I had to leave after that, but the final lecture of the day was on animals with kosher signs. During the short break between lectures two and three, a young couple involved in Qiruv work told Rabbi Slifkin and the rest of us a few horror stories of qiruv workers using the fallacious 'proof' to the divinity of the Torah that "the animals listed as having only one kosher sign are the only such animals in existence". A number of these qiruv workers, it seems, were so sure of this assumption that they made claims like "if someone showed me another animal with only one kosher sign, I would eat next Yom Kipur"!

Anyway, I had to leave so I didn't get to attend the last lecture. But when I was walking back to the bus stop, I stopped into a random sefarim store, and guess what they had a pile of out in the center of the store? Rav Slifkin's Mysterious Creatures and R' Tzvi Hirš Chajes's The Students' Guide Through The Talmud! Way to go Yashar Books!

In conclusion, Rav Natan Slifkin is a brilliant, knowledgeable, and brave talmid hhakham, and the Jewish world would definitely be a lot richer in Torah if there were more people like him out there. Maybe, thanks to his books and the philosophic traditions that he preserves in them, there soon will be. Someone just needs to come up with a better system for publicizing his lectures!

7 Comments:

Blogger DarkBlueHat said...

Was that a Mets cap or a Yankees cap? Thanks to Groundskeeper Willie I can do a decent imitation of a Scottish accent, but I don't think that's what you're asking.

I heard that previously when people asked R' Slifkin about the E-word he would simply change the topic. You would think that when he finally addresses the issue he would get a larger crowd.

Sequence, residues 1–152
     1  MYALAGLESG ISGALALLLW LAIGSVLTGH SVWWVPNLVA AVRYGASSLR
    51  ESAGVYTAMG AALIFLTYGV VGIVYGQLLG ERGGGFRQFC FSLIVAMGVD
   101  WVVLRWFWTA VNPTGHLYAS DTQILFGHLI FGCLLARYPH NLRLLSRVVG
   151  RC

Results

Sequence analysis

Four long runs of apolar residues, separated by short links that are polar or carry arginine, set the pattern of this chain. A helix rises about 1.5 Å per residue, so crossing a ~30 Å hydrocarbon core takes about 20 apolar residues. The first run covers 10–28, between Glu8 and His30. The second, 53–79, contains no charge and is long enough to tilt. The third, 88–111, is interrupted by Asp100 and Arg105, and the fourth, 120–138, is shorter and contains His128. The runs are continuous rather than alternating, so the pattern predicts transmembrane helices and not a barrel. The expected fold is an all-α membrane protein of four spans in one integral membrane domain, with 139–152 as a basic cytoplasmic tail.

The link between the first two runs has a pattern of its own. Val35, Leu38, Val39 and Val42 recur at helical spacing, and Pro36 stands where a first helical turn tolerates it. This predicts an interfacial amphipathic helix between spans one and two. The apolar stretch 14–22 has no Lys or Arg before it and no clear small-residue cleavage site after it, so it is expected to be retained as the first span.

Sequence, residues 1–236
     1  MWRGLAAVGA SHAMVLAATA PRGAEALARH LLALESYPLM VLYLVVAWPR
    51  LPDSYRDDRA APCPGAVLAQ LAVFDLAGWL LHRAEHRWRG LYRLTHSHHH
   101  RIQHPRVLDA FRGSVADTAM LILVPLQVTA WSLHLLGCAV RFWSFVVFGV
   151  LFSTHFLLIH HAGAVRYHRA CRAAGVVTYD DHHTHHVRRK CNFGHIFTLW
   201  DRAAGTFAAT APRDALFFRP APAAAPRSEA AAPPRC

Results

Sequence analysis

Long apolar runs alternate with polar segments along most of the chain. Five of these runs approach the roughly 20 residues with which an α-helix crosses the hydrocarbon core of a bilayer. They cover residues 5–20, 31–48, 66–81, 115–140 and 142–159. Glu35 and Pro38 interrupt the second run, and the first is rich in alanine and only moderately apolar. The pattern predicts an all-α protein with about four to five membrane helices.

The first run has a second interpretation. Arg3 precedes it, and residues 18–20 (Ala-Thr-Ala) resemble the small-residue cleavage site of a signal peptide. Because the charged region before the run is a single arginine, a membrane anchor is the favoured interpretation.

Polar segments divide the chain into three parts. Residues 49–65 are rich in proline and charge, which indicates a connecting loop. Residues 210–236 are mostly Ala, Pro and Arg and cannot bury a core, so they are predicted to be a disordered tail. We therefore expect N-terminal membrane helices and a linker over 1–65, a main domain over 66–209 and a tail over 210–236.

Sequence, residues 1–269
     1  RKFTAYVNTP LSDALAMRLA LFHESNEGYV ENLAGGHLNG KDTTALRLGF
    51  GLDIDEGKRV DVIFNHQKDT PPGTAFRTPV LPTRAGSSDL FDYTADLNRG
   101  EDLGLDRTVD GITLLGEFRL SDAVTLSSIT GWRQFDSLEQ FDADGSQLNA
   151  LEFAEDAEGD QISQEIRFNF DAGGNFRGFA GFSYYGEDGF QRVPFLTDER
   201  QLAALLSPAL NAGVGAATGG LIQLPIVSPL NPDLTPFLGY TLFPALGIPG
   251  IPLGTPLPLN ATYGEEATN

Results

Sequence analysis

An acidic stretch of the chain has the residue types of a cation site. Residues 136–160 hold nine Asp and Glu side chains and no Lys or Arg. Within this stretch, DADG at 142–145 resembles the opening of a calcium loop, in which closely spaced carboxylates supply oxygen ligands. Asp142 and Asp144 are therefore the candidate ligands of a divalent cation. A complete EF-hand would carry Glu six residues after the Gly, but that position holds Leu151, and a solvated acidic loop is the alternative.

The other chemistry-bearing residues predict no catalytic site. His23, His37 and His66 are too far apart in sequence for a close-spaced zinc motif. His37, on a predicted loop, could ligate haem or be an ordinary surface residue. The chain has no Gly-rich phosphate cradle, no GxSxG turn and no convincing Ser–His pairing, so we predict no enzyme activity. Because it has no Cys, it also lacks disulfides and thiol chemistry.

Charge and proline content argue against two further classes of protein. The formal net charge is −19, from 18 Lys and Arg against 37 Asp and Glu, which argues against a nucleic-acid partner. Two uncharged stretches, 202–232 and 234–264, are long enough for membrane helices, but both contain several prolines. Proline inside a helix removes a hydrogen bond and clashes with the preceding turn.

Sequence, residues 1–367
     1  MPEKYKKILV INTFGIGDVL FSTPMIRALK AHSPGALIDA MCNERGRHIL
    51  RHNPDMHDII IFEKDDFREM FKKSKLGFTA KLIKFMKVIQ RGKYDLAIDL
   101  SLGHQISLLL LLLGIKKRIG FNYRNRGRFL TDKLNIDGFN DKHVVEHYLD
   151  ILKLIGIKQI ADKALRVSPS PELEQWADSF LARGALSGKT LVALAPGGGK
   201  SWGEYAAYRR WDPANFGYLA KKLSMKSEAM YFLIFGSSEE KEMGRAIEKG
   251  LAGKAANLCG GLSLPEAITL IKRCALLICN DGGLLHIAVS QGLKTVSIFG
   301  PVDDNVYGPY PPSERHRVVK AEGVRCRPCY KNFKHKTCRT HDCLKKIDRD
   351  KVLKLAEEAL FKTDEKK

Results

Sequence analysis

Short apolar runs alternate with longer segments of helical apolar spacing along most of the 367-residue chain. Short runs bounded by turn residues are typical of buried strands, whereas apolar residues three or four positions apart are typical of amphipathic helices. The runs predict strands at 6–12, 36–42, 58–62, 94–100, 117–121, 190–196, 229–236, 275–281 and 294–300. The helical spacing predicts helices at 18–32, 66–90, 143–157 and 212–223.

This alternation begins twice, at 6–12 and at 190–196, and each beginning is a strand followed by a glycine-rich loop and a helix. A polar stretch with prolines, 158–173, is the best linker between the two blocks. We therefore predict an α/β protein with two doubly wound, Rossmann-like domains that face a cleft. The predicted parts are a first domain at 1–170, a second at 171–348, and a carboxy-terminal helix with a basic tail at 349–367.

7/11/2005 11:49 PM  
Blogger Steg (dos iz nit der šteg) said...

Sorry, don't remember. It could have been a non-baseball baseball cap with a corporate logo or something even, i don't remember for sure.

Well, i'd think that he'd get larger crowds for all of his lectures in the first place. Maybe people thought that he wouldn't get into the really controversial areas.

7/12/2005 12:13 AM  
Blogger DarkBlueHat said...

I think people care more about Slifkin the principle than Slifkin the man. That is a fundamental error, and one that goes against Torah. I hope to post on it when I get the chance.

7/12/2005 1:08 AM  
Blogger AMSHINOVER said...

btw, i'm not insane though the lady behind me was NOT mirty the one behind you was Orthomum.

7/12/2005 3:09 PM  
Blogger Steg (dos iz nit der šteg) said...

!

7/12/2005 4:33 PM  
Blogger Mar Gavriel said...

If you are so maqpidh about transliterating the letter qoph as a Q (as you rightfully are), you should know better than to spell the word qeiruv (or qêrûv) correctly! There is a Seire (or, in Ashkenazzis, "tseire" under the qoph. If you want a more detailed grammatical explanation, just holler.

7/20/2005 8:20 PM  
Blogger Steg (dos iz nit der šteg) said...

Ahah, crazy semi-guttural rēš... So it's like seiruv, where the R tashlum dageishes the hhiriq + dageish into tzeireh? I think. But everyone pronounces it kiruv, so as a [descriptive] linguist i'm going to call on the "common usage" card to justify my non-prescriptive-diqduqliness. ;-)

7/24/2005 11:35 AM